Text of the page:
(Note, this story has been changed to correct Peter Goutiere’s age at death, which was 108, not 109.)
Peter Goutiere, a World War 2 Hump pilot, died on Sunday at the age of 108. His death leaves Moon Fun Chin, the last surviving member of the group of daredevil aviators who brought troops, food, fuel and other supplies into China after Japan severed China’s only land supply route. Goutiere flew for CNAC, a partnership between the Government of China and Pan American World Airways.
Before and during World War 2 flying over the Himalayans was a deadly serious business. The planes were unpressurized and heavily loaded. They barely topped the rugged peaks and in weather so hazardous, Capt. Chin told The New York Times in 1944, CNAC had the reputation of being the only airline in the world that flies only in bad weather.
“Everything wasn’t prescribed in some manual. They were there as aviation was being invented,” said Greg Crouch, the author of China’s Wings. Basically, Crouch told me of Goutiere and his fellow pilots, “It was cowboy flying.”
Even with the force multiplier of stress, Goutiere’s 680 edge-of-the-precipice flights over the Hump make up only a fraction of his long life. (For details, see the link at the end of this post.) After the war, he consorted with kings and maharajas, traveled the world, had adventures, joined the Federal Aviation Administration and survived civil wars. He married. Frequently.
In his autobiography, Himalayan Rogue, he writes about all of it. Readers beware, he does not use the term “Rogue” in the title lightly. In brazen detail he shares his first sexual experience at a shockingly young age and his infidelities long after he is old enough to know better. He is unabashed about much that he should be and embraces the colonial-class structure of the mid-20th Century.
Goutiere was born in 1913 and raised between Uttar Pradesh, India and rural Maine. His father was a British barrister and his mother was American. Even by 1920 standards, Goutiere was a self-reliant child. As an adult, his U.S. citizenship, war service and his association with government structures had him frequently in places where world-changing events were taking place. Tales of alcohol-infused parties are interspersed with the comically ordinary frustrations of an American bureaucrat.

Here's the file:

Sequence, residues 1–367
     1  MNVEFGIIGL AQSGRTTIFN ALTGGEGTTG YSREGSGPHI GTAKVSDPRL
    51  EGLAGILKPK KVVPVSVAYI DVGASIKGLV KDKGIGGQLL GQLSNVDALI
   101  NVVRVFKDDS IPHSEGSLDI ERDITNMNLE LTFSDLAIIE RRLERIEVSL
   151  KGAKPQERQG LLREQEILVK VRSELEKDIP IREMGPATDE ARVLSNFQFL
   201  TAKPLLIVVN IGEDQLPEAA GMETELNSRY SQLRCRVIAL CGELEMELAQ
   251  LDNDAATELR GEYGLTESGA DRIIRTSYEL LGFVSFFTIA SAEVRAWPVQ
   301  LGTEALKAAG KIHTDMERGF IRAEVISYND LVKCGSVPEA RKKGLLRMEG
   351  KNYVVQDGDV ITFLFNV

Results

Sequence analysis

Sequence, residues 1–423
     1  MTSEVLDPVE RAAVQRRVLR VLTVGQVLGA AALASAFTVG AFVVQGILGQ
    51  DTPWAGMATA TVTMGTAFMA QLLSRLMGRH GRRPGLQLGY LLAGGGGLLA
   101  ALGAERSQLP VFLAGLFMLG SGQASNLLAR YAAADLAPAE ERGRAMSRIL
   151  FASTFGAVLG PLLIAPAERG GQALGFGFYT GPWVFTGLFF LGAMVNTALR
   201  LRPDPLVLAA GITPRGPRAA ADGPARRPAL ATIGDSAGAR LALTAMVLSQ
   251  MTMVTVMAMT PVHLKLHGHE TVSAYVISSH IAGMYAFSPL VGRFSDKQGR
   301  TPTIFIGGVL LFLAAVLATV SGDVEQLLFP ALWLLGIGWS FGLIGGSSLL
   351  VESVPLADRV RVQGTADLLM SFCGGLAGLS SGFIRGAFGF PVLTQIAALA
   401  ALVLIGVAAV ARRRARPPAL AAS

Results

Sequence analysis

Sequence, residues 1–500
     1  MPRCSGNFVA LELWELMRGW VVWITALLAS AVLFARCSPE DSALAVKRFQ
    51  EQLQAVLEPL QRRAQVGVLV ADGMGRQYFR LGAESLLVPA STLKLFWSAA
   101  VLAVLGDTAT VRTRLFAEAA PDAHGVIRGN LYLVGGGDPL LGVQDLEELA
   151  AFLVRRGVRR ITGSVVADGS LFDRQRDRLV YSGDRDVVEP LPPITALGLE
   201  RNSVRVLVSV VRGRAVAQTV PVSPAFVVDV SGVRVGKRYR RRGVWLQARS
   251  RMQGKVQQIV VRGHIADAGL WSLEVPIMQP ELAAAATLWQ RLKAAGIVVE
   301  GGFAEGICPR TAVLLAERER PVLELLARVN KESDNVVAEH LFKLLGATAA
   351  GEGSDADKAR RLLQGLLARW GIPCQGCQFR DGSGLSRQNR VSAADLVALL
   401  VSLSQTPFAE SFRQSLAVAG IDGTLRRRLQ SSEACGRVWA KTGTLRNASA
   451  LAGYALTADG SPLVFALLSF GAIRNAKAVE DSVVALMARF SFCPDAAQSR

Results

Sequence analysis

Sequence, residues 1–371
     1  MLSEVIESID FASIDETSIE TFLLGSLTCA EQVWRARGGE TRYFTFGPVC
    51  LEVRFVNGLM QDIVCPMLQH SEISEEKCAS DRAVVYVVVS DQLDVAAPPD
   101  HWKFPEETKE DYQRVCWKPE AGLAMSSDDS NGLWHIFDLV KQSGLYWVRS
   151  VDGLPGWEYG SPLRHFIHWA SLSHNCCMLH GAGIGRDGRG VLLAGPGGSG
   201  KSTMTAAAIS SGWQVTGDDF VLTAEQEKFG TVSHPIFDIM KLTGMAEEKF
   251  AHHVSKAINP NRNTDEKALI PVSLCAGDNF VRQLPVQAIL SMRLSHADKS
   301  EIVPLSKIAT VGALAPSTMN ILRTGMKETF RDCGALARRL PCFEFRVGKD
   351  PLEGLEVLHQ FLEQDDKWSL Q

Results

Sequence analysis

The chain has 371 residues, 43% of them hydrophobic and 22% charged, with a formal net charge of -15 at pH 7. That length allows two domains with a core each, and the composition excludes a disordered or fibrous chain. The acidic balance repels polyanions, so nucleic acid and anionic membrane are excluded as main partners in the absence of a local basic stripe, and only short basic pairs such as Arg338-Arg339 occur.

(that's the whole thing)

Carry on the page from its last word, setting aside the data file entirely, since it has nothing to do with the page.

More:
I first met Pete in 2019 while writing a story for The New York Times. Every encounter with him was like taking a too-big gulp of carbonated water, refreshing but a little eye-watering too. He was an excellent storyteller, but some of those stories, well…what to say? Give a centenarian a break though, much changes in the world over a lifetime of that length.
Still, by any generation’s assessment, he was a courageous aviator, an excellent raconteur, an adventure-seeker, a rascal, a charmer and a hotshot.
He was many things, none of them boring. That he squeezed more than his allotment of living out of the years he was given, is certain.
Author of The New York Times bestseller, The Crash Detectives, I am also a journalist, public speaker and broadcaster specializing in aviation and travel.
Peter was our neighbor, just two “doors” away. I met him while walking on our road in 2015, and he amazed me that he, then only 100, seemed to be as spry as I could manage with my 20 years younger legs. Our walks continued providing occasions for short chats for another five years until Covid interrupted routine. In 2018 he and his wife, Evelyn, generously included me in his 104th birthday celebration with many of his buddies in attendance. Peter’s autobiography, “Himalayan Rogue” portrays a life of adventure and fullness that few others have experienced. Peter will be missed by many; I will miss seeing him on walks and having a chat. He was an exceptional man.
Pete was a sweet soul they don’t make them like him anymore. And he loved jellabies.